MJFF Fellow Working to Raise Black, Minority Presence in Research

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by Mary Chapman |

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A Michael J. Fox Foundation (MJFF) research fellow is leading a study into the role of social determinants in medical mistrust and the lack of clinical trial participation by people with diseases such as Parkinson’s who belong to racial, ethnic and social minority groups.

Paris Adkins-Jackson’s study, titled “The Trials and Trust/Investigacion y Confianza,” aims to determine how the conditions under which individuals are born, raised, live, work, and age influence their willingness to take part in clinical research. She also hopes to establish ways to overcome participatory barriers.

To that end, Adkins-Jackson plans to interview 20 Black, indigenous, Hispanic, and transgender people in the United States who have completed a clinical trial — remotely or in person — within the last decade.

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The study, being run is in partnership with the Community Access, Recruitment and Engagement (CARE) Research Center at Massachusetts General Hospital, is recruiting volunteers. For more information, send an email to Adkins-Jackson at [email protected] or to study co-investigator Angie Sanchez at [email protected].

The investigation, which Adkins-Jackson described in a press release as  being“long overdue,” is particularly timely given measures underway to enhance diversity in research studies.

“We’ve had literature and papers that span over 40 years with the same conclusion of disparities existing,” said Adkins-Jackson, PhD, whose work is focused on improving health outcomes and eradicating health disparities in underrepresented communities. “I love that the field today is saying, ‘No, we have to be better.’”

People of different backgrounds respond differently to treatments, and chronic neurologic diseases like Parkinson’s and Alzheimer’s progress at varying rates in various groups of people. For these reasons, including minority groups in trials is of importance.

She hopes her study’s findings will help “untangle the roots of social determinants on participation,” and get the clinical community to act. “I want to stop asking the question, ‘Why don’t people of color and underrepresented groups participate in research?’ Instead, I want to say we know why, and we have to make changes as a community,” Adkins-Jackson said.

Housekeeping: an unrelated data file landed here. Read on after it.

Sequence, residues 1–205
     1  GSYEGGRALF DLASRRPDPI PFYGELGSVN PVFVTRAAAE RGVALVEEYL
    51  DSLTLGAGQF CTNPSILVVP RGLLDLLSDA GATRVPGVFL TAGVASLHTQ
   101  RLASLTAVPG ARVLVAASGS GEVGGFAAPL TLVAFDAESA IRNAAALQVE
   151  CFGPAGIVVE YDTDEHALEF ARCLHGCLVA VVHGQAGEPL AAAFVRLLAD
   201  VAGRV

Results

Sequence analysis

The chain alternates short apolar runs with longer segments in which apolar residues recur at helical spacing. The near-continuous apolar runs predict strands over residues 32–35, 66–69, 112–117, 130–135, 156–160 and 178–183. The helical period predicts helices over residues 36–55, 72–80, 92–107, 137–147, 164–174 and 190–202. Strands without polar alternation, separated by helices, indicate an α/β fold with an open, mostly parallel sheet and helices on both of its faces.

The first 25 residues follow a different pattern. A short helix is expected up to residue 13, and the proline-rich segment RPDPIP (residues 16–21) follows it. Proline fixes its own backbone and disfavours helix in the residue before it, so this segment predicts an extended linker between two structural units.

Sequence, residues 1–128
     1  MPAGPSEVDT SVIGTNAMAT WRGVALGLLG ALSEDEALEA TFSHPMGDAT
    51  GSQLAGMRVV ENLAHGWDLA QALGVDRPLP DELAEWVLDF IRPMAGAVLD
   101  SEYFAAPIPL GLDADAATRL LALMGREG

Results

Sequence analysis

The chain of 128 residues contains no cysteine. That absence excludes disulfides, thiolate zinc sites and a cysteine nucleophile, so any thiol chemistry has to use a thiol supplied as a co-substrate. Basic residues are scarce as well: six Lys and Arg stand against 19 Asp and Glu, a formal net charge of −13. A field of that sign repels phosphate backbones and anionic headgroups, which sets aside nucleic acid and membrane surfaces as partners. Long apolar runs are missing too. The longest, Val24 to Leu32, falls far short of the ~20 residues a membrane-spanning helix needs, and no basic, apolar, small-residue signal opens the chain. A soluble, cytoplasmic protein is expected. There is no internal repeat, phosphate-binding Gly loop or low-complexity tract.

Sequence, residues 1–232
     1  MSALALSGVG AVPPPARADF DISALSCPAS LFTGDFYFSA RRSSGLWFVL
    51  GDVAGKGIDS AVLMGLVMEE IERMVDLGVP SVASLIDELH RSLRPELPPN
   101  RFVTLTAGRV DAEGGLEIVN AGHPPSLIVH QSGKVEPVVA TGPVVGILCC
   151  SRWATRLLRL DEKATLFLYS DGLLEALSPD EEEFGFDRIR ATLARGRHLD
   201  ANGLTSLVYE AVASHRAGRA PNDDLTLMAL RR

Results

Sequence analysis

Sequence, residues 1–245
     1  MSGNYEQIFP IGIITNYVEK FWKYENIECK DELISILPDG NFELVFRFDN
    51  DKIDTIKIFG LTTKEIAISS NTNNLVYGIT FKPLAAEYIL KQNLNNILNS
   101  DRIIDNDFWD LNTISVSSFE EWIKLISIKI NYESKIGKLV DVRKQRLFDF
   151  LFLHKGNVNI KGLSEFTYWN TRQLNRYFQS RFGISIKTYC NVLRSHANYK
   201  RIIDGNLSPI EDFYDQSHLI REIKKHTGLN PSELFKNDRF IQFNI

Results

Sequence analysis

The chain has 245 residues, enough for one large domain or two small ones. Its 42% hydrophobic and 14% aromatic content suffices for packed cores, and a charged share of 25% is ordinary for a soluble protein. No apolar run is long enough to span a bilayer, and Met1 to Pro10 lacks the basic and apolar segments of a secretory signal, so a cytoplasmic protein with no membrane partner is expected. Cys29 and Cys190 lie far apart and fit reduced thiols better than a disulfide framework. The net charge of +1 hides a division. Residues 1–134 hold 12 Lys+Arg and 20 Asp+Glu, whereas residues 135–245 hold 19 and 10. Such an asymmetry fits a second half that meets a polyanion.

Clinical research is at the heart of all medical advances. Its goal is to determine whether a device, procedure, or pharmaceutical therapy is effective and safe. Such studies may also assess new ways of using current treatments, measure other aspects of care, or simply record everyday life with a disorder over time.

So far, most Parkinson’s trials have not been adequately representative of everyone who lives with the progressive neurodegenerative disease. Consequently, there is an incomplete knowledge of how Parkinson’s affects patients and their families across backgrounds, ethnicities and races, ages, sexual orientation, and gender. For therapies, particularly new ones, to benefit everyone living with Parkinson’s, research must be more inclusive, Adkins-Jackson said.

In the study, Adkins-Jackson will specifically focus on patients both with and without neurological diseases that include Parkinson’s, Alzheimer’s, and related dementias, and on how disease prognosis (a person’s likely outcomes) affects an individual’s decision regarding trial participation.

Study participants will be asked, among other questions, how they learned of clinical research, the impact participation had on family members, and their degree of trust in research.

MJFF is supporting multiple initiatives with physicians, investigators, and patients to diversify clinical trials. For the last two years, the organization has partnered with CARE and Harvard Medical School on “Fostering Inclusivity in Research Engagement for Underrepresented Populations in Disease (FIRE-UP PD),” a study that is developing culturally significant massaging and materials in four U.S. cities to heighten diversity and inclusion in work into Parkinson’s disease.

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